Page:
Once again, we see Mr. Stetzer loading his writing with the Left’s language. “Harassment” is simply “speech directed at me I find objectionable.” “Hate speech” should send alarm bells off for any supposed Christian, because this loaded phrase typically encompasses core doctrines of ours, such as the idea that sodomy is immoral and harmful. Codifying “hate speech” into law is being used to strangle off proselytization all over Canada and Europe. Prominent Christian media accounts such as LifeSiteNews have faced censorship by Twitter and Facebook for factual reporting on homosexuality and abortion. So quite obviously, there is more at stake here than simply the banning of “alt-right leaders.”
For what it’s worth, many of the actual “alt-right leaders” (and not charlatans like Milo Yiannopoulos, to whom Mr. Stetzer is likely referring) are quite aware their behavior on social media is being watched carefully and so are typically mild-mannered. They get banned and censored anyway.
Free speech is presented as a “misnomer,” as if that doesn’t need qualified or explained. While I typically point back to the Bible as my authority, this is an American company, and so pointing back to the First Amendment is appropriate. Was it a misnomer there? No, once again we are presupposing one of the Left’s unwritten doctrines: “Hate speech is not free speech.” Of course, it is a laughable one, as free speech is worthless if you can’t say unpopular things.
But, long before Bowers picked up a gun and put Gab on the front page of the news, the social network was known for being a safe haven for neo-Nazis, those posting perverse pornograhic material, and others promoting hate speech against African Americans and Jews. Gab’s domain has been threatened and moved multiple times in 2016 and 2017, and Apple and Google have denied their app both on pornographic and hate speech grounds.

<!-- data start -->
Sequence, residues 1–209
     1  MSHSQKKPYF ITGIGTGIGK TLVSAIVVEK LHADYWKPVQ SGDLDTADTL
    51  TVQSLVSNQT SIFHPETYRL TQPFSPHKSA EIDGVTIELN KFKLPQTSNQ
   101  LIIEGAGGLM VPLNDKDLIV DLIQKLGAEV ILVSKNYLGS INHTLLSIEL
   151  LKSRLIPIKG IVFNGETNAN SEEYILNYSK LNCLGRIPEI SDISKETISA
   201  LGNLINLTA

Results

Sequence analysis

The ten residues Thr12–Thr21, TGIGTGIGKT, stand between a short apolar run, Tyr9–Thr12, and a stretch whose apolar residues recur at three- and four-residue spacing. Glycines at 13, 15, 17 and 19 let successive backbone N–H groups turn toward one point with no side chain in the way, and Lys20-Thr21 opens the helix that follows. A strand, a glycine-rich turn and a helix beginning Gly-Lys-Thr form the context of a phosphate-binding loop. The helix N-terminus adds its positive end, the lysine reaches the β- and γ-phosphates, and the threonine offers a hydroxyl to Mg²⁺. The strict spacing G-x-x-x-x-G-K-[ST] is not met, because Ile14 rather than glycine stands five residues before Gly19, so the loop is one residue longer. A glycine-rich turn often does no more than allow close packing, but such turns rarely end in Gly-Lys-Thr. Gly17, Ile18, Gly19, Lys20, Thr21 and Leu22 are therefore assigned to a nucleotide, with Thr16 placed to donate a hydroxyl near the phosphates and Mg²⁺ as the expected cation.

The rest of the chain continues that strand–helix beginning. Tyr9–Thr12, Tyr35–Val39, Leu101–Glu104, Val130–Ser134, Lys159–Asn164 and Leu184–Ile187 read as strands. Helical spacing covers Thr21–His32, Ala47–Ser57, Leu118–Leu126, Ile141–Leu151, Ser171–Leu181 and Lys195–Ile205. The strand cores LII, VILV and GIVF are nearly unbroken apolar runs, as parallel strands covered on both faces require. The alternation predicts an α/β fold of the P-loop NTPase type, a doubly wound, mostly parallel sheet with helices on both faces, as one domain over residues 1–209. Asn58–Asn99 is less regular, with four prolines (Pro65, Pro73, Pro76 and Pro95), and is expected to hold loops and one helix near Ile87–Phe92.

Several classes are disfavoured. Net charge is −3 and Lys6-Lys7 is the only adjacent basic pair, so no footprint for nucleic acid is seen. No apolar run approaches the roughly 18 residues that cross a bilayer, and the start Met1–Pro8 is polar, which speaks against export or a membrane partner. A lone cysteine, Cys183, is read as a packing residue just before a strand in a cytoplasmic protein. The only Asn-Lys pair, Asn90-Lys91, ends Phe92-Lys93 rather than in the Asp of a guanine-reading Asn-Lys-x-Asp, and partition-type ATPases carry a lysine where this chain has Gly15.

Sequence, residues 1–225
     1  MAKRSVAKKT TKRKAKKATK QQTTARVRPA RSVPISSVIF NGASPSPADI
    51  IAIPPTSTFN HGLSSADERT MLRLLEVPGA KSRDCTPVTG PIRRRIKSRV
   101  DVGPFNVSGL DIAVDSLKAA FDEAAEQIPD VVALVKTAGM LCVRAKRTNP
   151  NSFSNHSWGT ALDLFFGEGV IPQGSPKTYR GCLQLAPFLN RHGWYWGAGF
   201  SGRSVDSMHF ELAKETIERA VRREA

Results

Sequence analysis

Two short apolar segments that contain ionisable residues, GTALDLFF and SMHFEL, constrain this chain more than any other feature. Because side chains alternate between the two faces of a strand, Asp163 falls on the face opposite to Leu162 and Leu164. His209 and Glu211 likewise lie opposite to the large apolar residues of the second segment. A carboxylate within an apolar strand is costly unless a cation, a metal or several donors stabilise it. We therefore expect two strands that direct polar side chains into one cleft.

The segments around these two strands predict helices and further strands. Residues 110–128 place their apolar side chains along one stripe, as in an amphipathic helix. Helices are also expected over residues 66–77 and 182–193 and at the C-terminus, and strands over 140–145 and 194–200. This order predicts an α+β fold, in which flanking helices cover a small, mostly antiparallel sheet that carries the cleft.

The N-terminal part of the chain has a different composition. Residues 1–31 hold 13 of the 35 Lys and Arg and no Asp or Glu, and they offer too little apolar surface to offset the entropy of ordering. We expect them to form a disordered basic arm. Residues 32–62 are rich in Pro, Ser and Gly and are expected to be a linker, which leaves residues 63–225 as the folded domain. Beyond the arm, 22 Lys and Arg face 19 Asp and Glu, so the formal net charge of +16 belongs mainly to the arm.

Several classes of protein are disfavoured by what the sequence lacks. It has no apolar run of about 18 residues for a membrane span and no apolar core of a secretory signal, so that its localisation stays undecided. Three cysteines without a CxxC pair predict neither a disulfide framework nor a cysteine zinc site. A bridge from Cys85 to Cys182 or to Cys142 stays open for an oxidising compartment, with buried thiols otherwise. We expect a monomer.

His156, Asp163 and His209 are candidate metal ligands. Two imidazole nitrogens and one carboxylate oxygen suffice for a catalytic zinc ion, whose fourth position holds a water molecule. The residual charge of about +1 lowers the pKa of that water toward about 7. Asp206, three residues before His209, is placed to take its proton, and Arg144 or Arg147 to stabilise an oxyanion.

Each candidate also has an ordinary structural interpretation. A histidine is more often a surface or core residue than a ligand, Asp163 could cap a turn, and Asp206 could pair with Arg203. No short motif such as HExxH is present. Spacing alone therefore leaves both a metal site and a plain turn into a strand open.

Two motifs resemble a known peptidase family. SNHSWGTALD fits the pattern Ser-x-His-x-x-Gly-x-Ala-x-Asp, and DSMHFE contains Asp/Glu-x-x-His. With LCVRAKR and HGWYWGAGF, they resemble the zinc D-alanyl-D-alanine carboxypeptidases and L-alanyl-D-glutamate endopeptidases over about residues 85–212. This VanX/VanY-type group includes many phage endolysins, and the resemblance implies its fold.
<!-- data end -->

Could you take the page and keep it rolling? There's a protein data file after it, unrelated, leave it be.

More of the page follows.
If one’s authority is Newsweek, it’s no wonder Mr. Stetzer is stuck with a Leftist lens when looking at current events. The mainstream media don’t like Gab because they challenge left-wing corporate hegemony over social media, which they are using to control and influence public opinion. Therefore, a string of hit pieces have been written over the past two years by mainstream sources, such as the one linked.
This is not a place where free speech is protected. Instead, it is a social media outlet for hateful, bigoted racists to share and encourage one another to maintain these beliefs.
Once again, completely unqualified, anti-factual, and a double standard as Twitter and Facebook have no problem with Leftists insulating themselves and encouraging each other to maintain Leftist beliefs. (They do it at their company meetings every day.) Free speech was flourishing on Gab. How do we know? Because things were being said that couldn’t be said elsewhere and it made the corporate authoritarians upset.
Despite being dropped by their content hosting providers, Gab has still been posting defenses of its structure and defending its policies. They are re-tweeting quotes from Winston Churchill about fighting on the hills and the beaches, claiming their social media site did nothing wrong, and using the language of uprising.